Roll and rock down Nicollet Avenue Sunday, Sept. 24, from Kmart to 46th Street between 11 a.m. and 5 p.m. for a two-mile celebration of our main street, with activities, music, food and more!
Organized and hosted by the three-neighborhood partnership of Kingfield, Lyndale and Whittier, Nicollet Open Streets has grown into our largest annual festival. Last year this event brought out more than 100 businesses and nonprofit organizations and over 15,000 people. To get ready for this year, the Kingfield Neighborhood Association (KFNA), Lyndale Neighborhood Association (LNA), and the Whittier Alliance have been working for months with Our Streets MPLS, as well as with local businesses and nonprofits, to bring the best of our neighborhoods to you. Although the event may be getting bigger each year, we seek to continue local involvement, so you will see many of your favorite local community partners along the route. So, pump up your tires or put on your walking shoes (or maybe your dancing shoes?)— as the street will be closed to motorized transportation— to see what’s great about our neighborhoods from a totally different perspective.
Activities for the day will include live music, multiple stages and activities graciously hosted by our local event sponsors including:
Kmart and Wells Fargo Kids Zone: Nicollet Open Streets wouldn’t be possible without neighbors like Kmart and Wells Fargo. Each year both businesses make the largest financial contribution to Open Streets, and Kmart (and the City of Minneapolis) are opening up their parking lot to extend the fun across Lake Street with a children zone, skateboard demos, bike polo and more!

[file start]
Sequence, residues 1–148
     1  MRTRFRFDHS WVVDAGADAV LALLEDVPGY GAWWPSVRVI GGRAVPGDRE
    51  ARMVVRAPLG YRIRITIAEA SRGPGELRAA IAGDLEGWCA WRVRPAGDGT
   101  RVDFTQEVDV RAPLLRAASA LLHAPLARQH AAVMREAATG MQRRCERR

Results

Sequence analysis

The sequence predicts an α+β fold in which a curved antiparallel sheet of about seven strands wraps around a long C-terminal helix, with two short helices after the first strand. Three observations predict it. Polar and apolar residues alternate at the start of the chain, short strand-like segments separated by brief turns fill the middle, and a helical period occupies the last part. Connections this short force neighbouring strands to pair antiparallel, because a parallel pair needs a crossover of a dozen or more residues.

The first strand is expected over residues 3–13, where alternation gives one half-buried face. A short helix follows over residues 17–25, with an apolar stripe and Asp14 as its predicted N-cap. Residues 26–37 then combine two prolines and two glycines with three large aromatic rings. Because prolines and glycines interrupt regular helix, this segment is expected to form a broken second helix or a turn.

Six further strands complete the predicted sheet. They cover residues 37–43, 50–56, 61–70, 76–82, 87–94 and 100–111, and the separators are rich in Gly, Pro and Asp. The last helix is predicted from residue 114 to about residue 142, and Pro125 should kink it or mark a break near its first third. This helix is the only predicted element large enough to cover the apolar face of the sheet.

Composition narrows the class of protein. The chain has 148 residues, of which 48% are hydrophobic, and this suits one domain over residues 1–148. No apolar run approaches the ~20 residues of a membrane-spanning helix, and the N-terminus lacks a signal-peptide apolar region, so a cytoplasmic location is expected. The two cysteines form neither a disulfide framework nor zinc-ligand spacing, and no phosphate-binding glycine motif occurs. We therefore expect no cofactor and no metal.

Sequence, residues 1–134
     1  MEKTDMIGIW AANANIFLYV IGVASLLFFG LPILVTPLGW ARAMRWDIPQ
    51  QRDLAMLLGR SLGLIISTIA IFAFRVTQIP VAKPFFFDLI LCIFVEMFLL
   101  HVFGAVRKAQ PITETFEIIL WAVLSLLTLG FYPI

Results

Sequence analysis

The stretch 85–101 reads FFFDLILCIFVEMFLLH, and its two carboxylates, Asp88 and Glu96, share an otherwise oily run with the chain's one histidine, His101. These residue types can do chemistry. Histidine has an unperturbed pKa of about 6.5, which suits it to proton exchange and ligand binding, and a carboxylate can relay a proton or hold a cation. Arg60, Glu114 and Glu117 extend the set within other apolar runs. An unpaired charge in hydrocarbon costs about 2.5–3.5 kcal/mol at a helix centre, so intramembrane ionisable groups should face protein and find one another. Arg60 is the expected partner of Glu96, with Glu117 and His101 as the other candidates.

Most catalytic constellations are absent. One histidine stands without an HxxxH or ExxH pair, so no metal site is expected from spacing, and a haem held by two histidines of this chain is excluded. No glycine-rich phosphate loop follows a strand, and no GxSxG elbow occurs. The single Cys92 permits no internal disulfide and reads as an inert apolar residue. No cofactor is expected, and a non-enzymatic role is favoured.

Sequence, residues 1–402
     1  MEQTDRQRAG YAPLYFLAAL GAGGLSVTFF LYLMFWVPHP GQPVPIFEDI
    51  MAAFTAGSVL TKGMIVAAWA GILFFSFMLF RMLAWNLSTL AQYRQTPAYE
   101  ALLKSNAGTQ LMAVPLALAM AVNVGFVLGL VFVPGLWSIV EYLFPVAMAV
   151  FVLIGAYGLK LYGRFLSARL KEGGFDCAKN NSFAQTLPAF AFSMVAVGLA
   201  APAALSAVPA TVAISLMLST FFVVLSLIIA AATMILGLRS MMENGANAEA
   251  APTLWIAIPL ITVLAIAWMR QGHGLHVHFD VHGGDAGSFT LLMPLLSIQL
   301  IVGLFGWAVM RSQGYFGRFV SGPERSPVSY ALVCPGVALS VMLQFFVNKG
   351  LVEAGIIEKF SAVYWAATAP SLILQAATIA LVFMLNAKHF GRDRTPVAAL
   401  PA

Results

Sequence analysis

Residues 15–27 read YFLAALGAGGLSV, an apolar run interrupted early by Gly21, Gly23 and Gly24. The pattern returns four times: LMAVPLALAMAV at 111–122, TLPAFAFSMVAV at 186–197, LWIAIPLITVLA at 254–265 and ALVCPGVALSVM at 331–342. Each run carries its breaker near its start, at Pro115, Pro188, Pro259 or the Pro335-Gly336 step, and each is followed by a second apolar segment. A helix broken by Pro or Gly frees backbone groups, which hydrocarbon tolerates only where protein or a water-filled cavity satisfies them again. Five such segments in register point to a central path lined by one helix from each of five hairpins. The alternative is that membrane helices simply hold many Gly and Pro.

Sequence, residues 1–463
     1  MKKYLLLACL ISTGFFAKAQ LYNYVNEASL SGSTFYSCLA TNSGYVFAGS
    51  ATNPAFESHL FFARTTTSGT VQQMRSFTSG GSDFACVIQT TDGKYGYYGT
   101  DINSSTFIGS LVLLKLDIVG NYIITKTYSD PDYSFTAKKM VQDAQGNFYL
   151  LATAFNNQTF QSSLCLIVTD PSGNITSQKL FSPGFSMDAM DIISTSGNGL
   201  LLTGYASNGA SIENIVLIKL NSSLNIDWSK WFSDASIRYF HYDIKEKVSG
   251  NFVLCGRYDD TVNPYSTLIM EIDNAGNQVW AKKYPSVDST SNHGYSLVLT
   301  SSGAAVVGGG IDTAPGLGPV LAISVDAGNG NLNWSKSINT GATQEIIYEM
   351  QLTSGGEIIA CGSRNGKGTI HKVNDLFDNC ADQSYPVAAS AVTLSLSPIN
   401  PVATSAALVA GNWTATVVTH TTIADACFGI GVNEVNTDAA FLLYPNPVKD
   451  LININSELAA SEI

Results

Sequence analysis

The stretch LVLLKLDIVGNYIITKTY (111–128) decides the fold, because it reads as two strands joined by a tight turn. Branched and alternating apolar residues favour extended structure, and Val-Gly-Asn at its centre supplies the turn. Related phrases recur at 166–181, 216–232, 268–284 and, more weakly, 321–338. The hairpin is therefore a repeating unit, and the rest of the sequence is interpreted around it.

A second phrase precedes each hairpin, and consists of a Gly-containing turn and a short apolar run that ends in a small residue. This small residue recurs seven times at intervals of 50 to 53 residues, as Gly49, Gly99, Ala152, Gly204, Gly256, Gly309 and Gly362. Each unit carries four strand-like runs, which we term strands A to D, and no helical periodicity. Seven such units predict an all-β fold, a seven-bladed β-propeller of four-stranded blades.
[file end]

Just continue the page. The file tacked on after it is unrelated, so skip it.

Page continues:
Five Watt Coffee Stage: Swing by the Five Watt booth for a delicious cold press or stop in the shop to taste a selection of sweet and savory open-faced toast, with a side of serious jams. Five Watt is hosting Five Thousand Watts of LIVE MUSIC featuring Zak “Poppa Bear” Norton, Jeff Ray, Averil Bach and more on their outdoor stage!
Butter Bakery Café with KFAI Radio: Nicollet Ave’s most progressive and worker friendly coffee shop is partnering again with KFAI Radio for a live music stage and radio broadcast featuring Daisy Forrester, J. Francis Olson, and Kingfield locals Wilkinson James and Edie Rae, plus others! Be sure to grab a drink and a treat at Butter and support workers’ rights!
Driftwood Char Bar Music Stage: One of the City Pages’ “Best Underrated Hipster Bars,” our best little juke joint on Nicollet, is serving up great burgers and great music at Open Streets, featuring Sunday Funky Sunday Band and James Loney & Lolo’s Ghost!
Hola Arepa’s dance party: Hola hasn’t forgotten their roots as an outdoor food truck, and every year at Open Streets, Hola flings open their doors and moves the party back outside for the hottest south-of-the-border drinks and coolest dance party along the route!
Ramen Kazama Rama: Ramen—it’s all they do—except at Nicollet Open Streets! Lyndale Neighborhood’s own little corner of Eat Street hosts a live music stage from noon until 7 p.m., featuring Vaz, Murf, Citric Dummies and some of the tastiest music along the route!
Nicollet Ace Hardware Petting Zoo: They have fidget spinners and pony rides! What else can you ask for on Nicollet Ave?! Stop by our favorite Ace Hardware to say hello to the new owners, Sam and Elena, pet some animals and check out their parking lot sale!
Be sure to visit the Facebook event page “Nicollet Open Streets 2017” to see the full lineup of all the bands on all the stages, as well as a complete list of special performances.